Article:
Tech Tip:Agents/Performing




Why do I need an agent?
An agent will have a working relationship with promoters and venue owners and therefore will be able to negotiate better guarantees as well as get you on better bills. Agents will also know what tours are preparing to go out and will have relationships that can help in acquiring a good opening slot. Having a specialist handle all of this for you will allow you to focus more on making music and doing creative marketing-if it fits your financial position.


How do I find an agent?
The trade magazine Pollstar contains listing of agents and agencies. As with getting a record deal, and finding a manager, you should do some research first. Send your music to agents who represent artists that are generally in a similar musical genre to yourself. It will often be easier to get an agent after you have a CD, and a label that will help promote the shows that you play. On the local level, check with other bands, promoters and club owners for suggestions and references.


How much does the booking agent charge for their work?
Traditionally, agents will charge 10% of the income from the show. The agency usually receives deposit payments from the venue when a show is booked, and the agent will take their commission from this money, before passing on the balance to the artist, manager or label. The agent will not commission sales of merchandise.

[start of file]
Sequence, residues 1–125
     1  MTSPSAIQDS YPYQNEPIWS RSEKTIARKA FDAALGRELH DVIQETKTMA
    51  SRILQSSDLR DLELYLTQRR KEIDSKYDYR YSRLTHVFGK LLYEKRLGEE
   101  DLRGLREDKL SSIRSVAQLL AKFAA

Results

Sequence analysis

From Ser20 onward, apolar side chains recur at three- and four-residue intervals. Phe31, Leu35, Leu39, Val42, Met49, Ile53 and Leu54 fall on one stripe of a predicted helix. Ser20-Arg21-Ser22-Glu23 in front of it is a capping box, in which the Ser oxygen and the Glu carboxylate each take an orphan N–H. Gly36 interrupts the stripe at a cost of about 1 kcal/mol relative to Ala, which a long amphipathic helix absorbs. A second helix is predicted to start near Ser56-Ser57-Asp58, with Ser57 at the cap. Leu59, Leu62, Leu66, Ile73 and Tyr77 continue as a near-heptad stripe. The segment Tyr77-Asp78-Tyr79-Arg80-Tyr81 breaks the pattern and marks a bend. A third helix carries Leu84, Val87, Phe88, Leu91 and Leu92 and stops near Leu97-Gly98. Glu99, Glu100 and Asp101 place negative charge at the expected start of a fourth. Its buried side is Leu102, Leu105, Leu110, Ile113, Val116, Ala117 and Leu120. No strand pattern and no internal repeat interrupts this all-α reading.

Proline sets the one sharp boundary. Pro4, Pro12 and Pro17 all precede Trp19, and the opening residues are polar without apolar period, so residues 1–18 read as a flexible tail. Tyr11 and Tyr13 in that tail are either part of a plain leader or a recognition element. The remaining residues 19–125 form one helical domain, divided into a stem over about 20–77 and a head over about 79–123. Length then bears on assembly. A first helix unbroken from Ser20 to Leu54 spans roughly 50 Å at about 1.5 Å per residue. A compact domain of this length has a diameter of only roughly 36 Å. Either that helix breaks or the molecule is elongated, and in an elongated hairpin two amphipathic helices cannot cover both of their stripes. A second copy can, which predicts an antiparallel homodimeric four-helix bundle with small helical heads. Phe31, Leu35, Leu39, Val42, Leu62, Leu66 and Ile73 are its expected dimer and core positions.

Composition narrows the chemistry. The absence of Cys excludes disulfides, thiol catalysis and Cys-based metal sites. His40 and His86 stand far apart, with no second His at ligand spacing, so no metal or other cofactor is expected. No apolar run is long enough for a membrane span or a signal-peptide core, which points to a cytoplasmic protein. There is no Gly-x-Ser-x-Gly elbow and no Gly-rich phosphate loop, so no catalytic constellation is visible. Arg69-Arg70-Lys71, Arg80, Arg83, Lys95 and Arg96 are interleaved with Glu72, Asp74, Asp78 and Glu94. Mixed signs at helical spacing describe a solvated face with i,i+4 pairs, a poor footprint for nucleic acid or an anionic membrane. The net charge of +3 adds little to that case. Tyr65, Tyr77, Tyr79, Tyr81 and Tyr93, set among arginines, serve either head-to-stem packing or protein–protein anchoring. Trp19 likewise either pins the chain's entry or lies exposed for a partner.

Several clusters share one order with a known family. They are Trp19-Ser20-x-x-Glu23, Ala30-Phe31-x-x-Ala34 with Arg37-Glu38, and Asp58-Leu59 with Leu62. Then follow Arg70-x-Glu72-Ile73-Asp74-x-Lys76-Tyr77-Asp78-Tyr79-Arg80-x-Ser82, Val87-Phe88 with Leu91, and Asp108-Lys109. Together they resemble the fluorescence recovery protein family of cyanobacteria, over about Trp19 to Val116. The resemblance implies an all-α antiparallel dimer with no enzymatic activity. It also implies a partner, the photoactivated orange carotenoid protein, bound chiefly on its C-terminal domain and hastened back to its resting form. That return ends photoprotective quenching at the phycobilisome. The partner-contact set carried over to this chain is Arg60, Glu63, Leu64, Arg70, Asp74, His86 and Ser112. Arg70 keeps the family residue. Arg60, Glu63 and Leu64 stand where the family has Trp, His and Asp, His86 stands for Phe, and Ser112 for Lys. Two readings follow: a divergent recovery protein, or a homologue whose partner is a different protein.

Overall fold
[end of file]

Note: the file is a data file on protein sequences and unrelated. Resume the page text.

Who is responsible for the performance agreement?
The agent will handle this on your behalf. The agreement will specify things such as:


  • The guarantee that the band will receive
  • The ticket price
  • The guest list allocation
  • The length of set the band must play
  • The advertising commitment
  • The technical and band rider
  • The cancellation policy and resulting options

What are commonly used payment methods & terms for performing?
  • A "guarantee" is a flat rate you will receive, regardless of attendance.
  • A "percentage deal" is when the artist and club split the income received at the door on the night of the show. For example, a 70/30 split will mean that the band gets 70% of the income.
  • A "guarantee, plus percentage" is where the artist will get a set fee based on an estimated number of paying customers. If this number is exceeded, the artist will get a percentage (say 70%) of all revenue over an above the predicted income.
  • "Walk-out potential" is the maximum amount that an artist can earn from a specific show. You should also consider the following:
  • In many cases, the club owner will deduct all costs they have incurred in promoting of the show, before any split of profits occurs.
  • If you request any special equipment to be hired for the show, you will have to pay for this, often by a deduction from the show settlement.


Who pays for the people on the guest list?
In most cases, the artist does. The possible (legal) attendance in the club is reduced by the number of names on the guest list and therefore the deal you get offered will take this possible loss of revenue into account. Therefore, do not use the list liberally.


What is "advancing a date"?
Your manager, the tour manager or someone responsible in your band needs to call every venue at least a week before the show and ask the following:


  • What is the on-stage time
  • What is the "load-in" time
  • Soundcheck time, and length
  • Doors opening time
  • Directions to the venue
  • Club PA and lighting specifications
  • Stage size and ceiling height (if important)
  • Drum Riser requirements


This will give you chance to rent additional gear additional gear if needed, adjust your travel time etc.